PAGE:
A 15-year-old and her sister killed their adoptive mother after too many confrontations about cell phone bills and boyfriends. They were sentenced to life in prison.
On Tuesday, more than seven years later, the Supreme Court of Georgia upheld the woman’s murder conviction and sentence after dismissing her attorney’s argument about her traumatic upbringing before she was adopted as a possible justification.
Catherine O’Connell was 11-years-old when Ms. Muriel O’Connell, of Gwinnett County, adopted her from a Guatemalan orphanage. A few years later, she adopted a second daughter, Brenda, from the same orphanage.
The girls were the same age, had known each other at the orphanage, and quickly formed a strong bond with each other.
But their relationship with their mother gradually deteriorated.
“There were confrontations over cell phone bills and boyfriends, and Muriel told friends she feared for her life,” according to court documents.
Prosecutors said Ms. O’Connell believed the girls were trying to poison her by putting diethyl ether, a compound found in car starter fluid, in her vodka bottle.
The night of Aug. 6, 2006, the girls went to a neighbor’s house. The neighbor later testified that when he answered the door, Brenda, who had a brown and green sash tied around her neck, collapsed on the floor gasping for air. He said her actions “seemed kind of staged.”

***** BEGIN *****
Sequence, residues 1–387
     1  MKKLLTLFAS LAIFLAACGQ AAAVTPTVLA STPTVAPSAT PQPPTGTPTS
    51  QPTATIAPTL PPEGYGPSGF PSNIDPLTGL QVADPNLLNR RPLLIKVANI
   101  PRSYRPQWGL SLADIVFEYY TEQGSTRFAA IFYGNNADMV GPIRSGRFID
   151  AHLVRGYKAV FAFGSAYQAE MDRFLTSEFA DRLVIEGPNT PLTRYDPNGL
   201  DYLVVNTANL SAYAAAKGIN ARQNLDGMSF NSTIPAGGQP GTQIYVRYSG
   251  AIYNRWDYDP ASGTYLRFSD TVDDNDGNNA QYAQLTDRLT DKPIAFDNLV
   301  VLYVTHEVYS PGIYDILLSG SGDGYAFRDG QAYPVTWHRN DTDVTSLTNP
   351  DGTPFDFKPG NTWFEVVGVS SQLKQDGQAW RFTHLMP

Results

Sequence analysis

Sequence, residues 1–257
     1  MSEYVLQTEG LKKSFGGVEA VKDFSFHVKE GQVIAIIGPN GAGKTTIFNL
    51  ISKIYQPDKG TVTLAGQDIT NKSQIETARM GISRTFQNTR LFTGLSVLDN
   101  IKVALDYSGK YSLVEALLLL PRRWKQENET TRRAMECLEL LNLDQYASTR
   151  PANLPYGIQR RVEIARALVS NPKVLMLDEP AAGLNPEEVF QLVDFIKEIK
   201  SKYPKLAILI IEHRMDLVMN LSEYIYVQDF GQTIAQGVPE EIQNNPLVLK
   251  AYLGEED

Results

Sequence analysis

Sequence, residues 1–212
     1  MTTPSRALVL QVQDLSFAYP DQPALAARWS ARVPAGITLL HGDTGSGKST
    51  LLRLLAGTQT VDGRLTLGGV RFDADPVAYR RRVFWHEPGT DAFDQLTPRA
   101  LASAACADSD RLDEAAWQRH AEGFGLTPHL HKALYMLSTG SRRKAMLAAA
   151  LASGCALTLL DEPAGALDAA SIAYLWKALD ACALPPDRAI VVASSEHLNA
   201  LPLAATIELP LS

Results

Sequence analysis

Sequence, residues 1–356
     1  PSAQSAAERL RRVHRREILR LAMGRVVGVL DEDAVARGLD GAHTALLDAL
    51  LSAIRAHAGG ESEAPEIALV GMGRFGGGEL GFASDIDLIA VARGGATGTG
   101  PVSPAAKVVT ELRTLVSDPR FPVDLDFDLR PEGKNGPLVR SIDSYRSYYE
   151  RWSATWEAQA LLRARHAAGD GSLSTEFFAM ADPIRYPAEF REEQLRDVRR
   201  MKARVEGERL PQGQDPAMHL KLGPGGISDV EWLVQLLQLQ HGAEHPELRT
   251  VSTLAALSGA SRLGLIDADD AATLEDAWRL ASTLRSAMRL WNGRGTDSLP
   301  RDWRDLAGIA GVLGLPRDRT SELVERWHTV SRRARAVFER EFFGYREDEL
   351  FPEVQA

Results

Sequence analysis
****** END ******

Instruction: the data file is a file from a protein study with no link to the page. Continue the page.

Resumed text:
Catherine told him their mother had tried to choke Brenda and the neighbor went to the girls’ home where he found the woman’s body on the bathroom floor with a butcher knife in her hand.
Catherine and Brenda told police their mother had attacked Brenda with a knife, and Catherine had intervened to defend her sister.
They claimed Ms. O’Connell had abused and mistreated them since they came from the orphanage. But later Brenda admitted that she had placed the knife in Ms. O’Connell’s hand after she was dead.
“An autopsy revealed that Muriel had sustained multiple head injuries while still alive, and had died from strangulation,” according to court reports
“A medical examiner who had evaluated both girls testified he found no injuries substantiating their claim of self-defense. Brenda did not have injuries consistent with strangulation, and Catherine’s minor scrapes and bite marks appeared self-inflicted.”
In October 2008, the girls were tried as adults, and convicted of murder and aggravated assault.
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